Geographies in Depth

Understanding Africa's energy needs

A shopkeeper waits for customers in his candlelit fast food store during a load shedding electricity blackout in Cape Town April 15, 2015.

Image: REUTERS/Mike Hutchings

Michael Waiyaki Nganga
Country Manager, GIVEWATTS
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Africa is hungry for energy. Only 24% of sub-Saharan Africans have access to electricity and the energy generation capacity of Africa (excluding South Africa) is only 28 Gigawatts, equal to that of Argentina alone. The demand is only set to rise with increasing population, urbanization and economic productivity. Because of little installed capacity, there is low energy consumption and access. Even those connected to a power grid experience an average of 54 days of power outage a year – that’s darkness for 15% of the year.

The African commercial sector has been forced to resort to using expensive generators to make up for this gap in energy supply. But, generator power is very costly and is, on average, a staggering four times the price of grid power. Businesses that operate in Africa work with much higher operational costs than their counterparts elsewhere – this is not only true for business in power heavy sectors but also for general businesses such as banks and supermarkets. Energy is a disproportionately large expense for business in Africa.

Affordable and clean energy is one of the 17 Sustainable Development Goals because energy is crucial to economic development. Countries with low electrification rates have lower GDP per capita and are less developed. The basic logic is that increased energy access leads to improvements in healthcare, education, life expectancy and economic opportunities. Light is what keeps rural medical clinics open for the woman who goes into labour late in the night. It allows students to study and businesses to stay open after the sun goes down. These factors all lead to increased national productivity which is a precursor to economic development.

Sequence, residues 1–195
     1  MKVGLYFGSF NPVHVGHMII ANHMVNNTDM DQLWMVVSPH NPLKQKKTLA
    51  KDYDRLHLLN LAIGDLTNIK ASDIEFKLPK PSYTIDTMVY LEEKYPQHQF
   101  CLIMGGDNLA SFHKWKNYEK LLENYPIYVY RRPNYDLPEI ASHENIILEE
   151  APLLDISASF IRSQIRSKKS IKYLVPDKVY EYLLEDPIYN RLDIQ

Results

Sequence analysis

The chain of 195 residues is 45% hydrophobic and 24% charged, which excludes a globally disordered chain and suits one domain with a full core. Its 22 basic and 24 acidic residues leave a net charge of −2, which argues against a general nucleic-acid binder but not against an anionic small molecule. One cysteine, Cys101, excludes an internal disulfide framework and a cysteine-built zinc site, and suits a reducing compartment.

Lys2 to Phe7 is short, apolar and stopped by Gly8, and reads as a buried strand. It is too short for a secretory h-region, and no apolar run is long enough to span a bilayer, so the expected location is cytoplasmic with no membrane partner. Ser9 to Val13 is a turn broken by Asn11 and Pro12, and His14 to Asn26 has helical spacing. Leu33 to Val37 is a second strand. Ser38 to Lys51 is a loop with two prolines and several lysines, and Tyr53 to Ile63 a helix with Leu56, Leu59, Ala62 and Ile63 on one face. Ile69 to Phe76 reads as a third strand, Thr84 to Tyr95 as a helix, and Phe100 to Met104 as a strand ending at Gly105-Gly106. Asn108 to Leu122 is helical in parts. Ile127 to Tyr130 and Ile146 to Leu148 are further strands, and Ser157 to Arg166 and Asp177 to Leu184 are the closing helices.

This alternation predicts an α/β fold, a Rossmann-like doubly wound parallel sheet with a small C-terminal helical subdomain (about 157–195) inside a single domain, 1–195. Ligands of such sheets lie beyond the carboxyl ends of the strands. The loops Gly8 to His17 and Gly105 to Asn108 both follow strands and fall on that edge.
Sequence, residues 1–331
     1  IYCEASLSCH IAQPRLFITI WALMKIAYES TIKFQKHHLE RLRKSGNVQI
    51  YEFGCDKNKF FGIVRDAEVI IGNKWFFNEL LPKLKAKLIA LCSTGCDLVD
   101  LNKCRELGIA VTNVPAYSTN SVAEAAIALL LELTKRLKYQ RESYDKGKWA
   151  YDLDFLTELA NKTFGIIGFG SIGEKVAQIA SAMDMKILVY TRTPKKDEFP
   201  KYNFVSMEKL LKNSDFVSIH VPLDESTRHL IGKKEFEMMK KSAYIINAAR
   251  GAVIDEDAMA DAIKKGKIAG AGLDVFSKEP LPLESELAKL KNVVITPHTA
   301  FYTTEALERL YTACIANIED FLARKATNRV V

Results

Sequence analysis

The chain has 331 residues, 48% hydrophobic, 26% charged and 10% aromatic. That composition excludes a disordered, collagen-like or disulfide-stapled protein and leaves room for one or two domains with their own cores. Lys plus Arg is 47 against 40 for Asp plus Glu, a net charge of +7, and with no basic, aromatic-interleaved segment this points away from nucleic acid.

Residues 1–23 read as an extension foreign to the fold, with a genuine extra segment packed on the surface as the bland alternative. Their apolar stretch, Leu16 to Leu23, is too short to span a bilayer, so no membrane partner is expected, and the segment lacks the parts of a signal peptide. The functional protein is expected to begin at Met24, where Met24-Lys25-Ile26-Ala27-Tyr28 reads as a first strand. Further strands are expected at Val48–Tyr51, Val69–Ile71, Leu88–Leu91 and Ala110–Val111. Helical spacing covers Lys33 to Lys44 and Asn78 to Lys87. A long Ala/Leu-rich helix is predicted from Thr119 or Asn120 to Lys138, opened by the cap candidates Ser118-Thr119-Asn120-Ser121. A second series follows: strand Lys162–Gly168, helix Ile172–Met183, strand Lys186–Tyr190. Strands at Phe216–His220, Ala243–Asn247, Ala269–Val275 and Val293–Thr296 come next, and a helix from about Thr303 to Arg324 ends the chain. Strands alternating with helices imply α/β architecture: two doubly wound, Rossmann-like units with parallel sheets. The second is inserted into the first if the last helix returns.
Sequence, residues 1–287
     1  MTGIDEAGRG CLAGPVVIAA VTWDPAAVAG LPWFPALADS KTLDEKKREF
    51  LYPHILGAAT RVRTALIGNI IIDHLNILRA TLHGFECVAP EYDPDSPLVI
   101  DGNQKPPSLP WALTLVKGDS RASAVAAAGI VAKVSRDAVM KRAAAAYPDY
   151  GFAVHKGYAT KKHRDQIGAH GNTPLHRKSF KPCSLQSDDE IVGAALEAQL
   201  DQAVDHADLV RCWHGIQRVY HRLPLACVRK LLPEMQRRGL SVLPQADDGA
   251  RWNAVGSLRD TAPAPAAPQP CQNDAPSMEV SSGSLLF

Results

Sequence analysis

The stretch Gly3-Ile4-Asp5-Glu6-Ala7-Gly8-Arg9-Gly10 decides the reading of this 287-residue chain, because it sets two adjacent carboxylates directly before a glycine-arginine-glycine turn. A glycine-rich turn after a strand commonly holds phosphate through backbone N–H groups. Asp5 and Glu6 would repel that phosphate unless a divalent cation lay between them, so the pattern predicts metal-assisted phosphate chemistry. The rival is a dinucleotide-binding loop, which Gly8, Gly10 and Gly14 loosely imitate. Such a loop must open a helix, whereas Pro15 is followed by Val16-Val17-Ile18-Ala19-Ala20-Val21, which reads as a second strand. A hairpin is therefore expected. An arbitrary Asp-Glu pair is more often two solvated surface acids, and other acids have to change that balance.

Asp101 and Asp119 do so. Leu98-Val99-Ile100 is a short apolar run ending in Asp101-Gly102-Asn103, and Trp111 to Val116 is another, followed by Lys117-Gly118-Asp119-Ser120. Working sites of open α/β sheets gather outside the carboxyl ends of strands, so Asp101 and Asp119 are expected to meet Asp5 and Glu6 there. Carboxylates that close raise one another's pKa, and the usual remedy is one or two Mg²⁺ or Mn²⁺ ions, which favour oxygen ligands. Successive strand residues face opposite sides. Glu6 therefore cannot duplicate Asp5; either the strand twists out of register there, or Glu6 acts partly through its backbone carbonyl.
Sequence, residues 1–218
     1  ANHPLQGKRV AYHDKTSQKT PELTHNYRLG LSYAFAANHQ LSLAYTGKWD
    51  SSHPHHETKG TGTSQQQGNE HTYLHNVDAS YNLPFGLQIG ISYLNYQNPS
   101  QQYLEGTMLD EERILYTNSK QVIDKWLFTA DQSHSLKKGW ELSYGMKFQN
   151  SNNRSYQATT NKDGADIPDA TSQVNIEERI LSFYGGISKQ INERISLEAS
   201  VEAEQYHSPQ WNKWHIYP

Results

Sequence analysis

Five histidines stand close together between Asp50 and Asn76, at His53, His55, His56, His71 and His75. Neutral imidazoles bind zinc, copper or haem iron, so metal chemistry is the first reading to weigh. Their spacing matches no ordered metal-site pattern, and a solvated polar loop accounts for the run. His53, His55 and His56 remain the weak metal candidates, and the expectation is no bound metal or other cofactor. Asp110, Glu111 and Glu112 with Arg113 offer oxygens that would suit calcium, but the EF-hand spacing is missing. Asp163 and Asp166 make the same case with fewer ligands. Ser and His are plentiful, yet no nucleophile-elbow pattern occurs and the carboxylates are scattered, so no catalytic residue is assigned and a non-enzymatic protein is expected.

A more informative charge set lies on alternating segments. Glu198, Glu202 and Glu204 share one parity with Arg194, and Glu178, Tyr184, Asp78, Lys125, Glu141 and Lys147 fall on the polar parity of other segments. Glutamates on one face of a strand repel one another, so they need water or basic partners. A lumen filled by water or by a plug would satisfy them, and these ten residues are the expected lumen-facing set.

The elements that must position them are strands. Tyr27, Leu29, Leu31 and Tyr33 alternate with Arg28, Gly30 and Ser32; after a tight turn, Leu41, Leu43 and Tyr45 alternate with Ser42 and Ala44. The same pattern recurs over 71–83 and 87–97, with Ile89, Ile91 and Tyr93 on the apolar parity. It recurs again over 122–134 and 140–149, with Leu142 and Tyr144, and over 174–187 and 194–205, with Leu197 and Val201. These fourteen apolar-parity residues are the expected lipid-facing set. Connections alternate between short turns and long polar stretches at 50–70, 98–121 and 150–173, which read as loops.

The irony of Africa’s energy poverty is that Africa is actually very rich in energy resources but most of the energy potential on the continent is unexploited. Research by McKinsey found that Africa’s potential energy generation capacity is up to 1.2 terawatts excluding solar and more than 10 terawatts including solar. Solar – which Africa has in abundance – can provide almost 10 terawatts of new energy! The table above shows Africa’s generation capacity by energy type as well as notes the countries rich in the particular resource. Renewable energy will play an important role in Africa’s energy mix in the coming years. It is estimated that by 2040 more than 25% or Africa’s total energy will come a variety of clean sources – geothermal, hydro, solar and wind. This is a more than four-fold increase from only 5% in 2013.

There is a great opportunity in Africa’s power sector but it will be costly to utilise these opportunities and structures need to be put in place to incentivise development of the sector. National governments have a large role to play in ensuring that this development occurs; government policy will need to prepare the market for private investors and promote regional integration to enhance savings on capital spending.

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